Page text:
Hodgson, Paul and Potter, Stephen
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|DOI (Digital Object Identifier) Link:||http://doi.org/10.1080/03081060.2010.494029|
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Recent developments in the light rapid transit sector have introduced transit modes that are attempting to imitate the performance of others, e.g. buses with tram-like characteristics. The boundaries between existing definitions of what is a bus, tram or train are becoming blurred. For transport studies and practice this requires a review of how we define modes. This is not just a matter of semantics, but has safety and competition regulation implications for system operators. This paper proposes a structure to produce rail- and bus-based transit mode definitions and typology that are appropriate for modern use. A decision tree is used to classify and define the transit modes as guided-bus, trolley-bus, light rail and tram-train and is provided with example systems. The paper provides a robust definitional framework that allows transit system promoters, operators and other interested parties to have a consistent basis of reference when specifying and comparing rapid transit systems.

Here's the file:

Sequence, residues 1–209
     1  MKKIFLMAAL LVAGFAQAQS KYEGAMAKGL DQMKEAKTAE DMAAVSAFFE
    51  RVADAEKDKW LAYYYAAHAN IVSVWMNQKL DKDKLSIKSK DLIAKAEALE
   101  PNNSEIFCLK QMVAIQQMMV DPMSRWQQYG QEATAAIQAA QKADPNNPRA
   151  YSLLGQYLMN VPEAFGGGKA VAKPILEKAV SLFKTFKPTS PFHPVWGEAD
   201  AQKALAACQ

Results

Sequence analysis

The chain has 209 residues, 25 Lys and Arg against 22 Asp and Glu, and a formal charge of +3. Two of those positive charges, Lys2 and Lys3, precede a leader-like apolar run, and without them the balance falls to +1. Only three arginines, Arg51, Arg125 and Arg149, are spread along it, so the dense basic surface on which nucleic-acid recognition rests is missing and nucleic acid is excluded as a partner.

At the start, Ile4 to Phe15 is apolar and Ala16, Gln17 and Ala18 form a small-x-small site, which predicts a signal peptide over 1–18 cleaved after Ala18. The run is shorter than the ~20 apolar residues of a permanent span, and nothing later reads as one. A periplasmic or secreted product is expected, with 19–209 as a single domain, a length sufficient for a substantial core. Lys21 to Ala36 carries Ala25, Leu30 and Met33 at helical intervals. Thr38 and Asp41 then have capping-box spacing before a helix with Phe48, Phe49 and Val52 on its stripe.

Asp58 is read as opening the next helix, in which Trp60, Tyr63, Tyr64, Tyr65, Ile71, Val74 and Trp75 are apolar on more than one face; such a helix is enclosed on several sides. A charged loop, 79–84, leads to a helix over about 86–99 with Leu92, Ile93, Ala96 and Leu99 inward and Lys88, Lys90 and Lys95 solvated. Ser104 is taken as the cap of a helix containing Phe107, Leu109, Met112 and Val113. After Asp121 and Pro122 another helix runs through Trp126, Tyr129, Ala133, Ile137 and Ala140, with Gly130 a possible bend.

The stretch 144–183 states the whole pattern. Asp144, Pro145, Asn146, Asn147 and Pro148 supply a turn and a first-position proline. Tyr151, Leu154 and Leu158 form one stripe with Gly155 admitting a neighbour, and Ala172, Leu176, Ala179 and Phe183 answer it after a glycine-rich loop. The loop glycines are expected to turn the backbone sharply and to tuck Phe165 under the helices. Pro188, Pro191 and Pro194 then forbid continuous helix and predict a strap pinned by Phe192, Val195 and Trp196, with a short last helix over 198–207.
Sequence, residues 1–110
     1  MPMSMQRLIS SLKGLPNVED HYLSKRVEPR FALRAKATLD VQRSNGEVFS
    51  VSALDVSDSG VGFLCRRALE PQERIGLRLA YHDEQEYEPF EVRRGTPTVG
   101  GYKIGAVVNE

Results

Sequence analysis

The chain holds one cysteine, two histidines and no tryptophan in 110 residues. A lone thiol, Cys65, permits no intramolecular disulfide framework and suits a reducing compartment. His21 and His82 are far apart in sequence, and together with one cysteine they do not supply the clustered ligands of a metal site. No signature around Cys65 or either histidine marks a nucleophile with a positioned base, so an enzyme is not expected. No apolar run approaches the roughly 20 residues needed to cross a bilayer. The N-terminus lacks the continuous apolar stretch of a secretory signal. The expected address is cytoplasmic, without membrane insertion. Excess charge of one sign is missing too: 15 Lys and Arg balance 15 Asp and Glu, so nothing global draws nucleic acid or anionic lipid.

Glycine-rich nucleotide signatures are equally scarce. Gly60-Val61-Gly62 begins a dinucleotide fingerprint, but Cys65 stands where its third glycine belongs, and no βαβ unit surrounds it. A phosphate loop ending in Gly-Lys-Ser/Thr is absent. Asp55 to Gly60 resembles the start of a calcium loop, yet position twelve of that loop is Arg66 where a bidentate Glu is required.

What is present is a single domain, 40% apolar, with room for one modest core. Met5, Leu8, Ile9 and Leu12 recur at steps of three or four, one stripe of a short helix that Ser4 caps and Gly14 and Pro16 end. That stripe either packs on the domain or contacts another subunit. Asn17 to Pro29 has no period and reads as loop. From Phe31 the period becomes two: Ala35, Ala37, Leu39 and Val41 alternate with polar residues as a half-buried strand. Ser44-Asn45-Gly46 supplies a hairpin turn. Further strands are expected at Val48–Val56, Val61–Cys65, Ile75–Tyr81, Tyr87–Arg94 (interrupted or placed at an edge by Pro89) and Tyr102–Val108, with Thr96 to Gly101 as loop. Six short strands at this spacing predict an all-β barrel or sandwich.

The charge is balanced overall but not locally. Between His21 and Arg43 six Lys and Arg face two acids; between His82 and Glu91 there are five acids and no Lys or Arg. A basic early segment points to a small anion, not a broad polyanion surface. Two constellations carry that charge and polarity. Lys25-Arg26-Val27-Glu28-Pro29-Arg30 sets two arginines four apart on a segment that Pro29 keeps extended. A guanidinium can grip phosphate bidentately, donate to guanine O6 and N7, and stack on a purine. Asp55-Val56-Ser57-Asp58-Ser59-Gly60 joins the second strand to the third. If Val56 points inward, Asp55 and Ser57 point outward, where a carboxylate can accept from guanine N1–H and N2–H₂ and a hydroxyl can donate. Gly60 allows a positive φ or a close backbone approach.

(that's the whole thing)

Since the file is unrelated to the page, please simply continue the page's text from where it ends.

|Item Type:||Journal Article|
|Copyright Holders:||2010 Taylor and Francis|
|Keywords:||bus; light rail; mode definition; typology; decision tree; rapid transit|
|Academic Unit/Department:||Mathematics, Computing and Technology > Engineering & Innovation
Mathematics, Computing and Technology
|Interdisciplinary Research Centre:||Innovation, Knowledge & Development research centre (IKD)|
|Depositing User:||Stephen Potter|
|Date Deposited:||22 Jun 2011 14:23|
|Last Modified:||26 Feb 2016 13:17|
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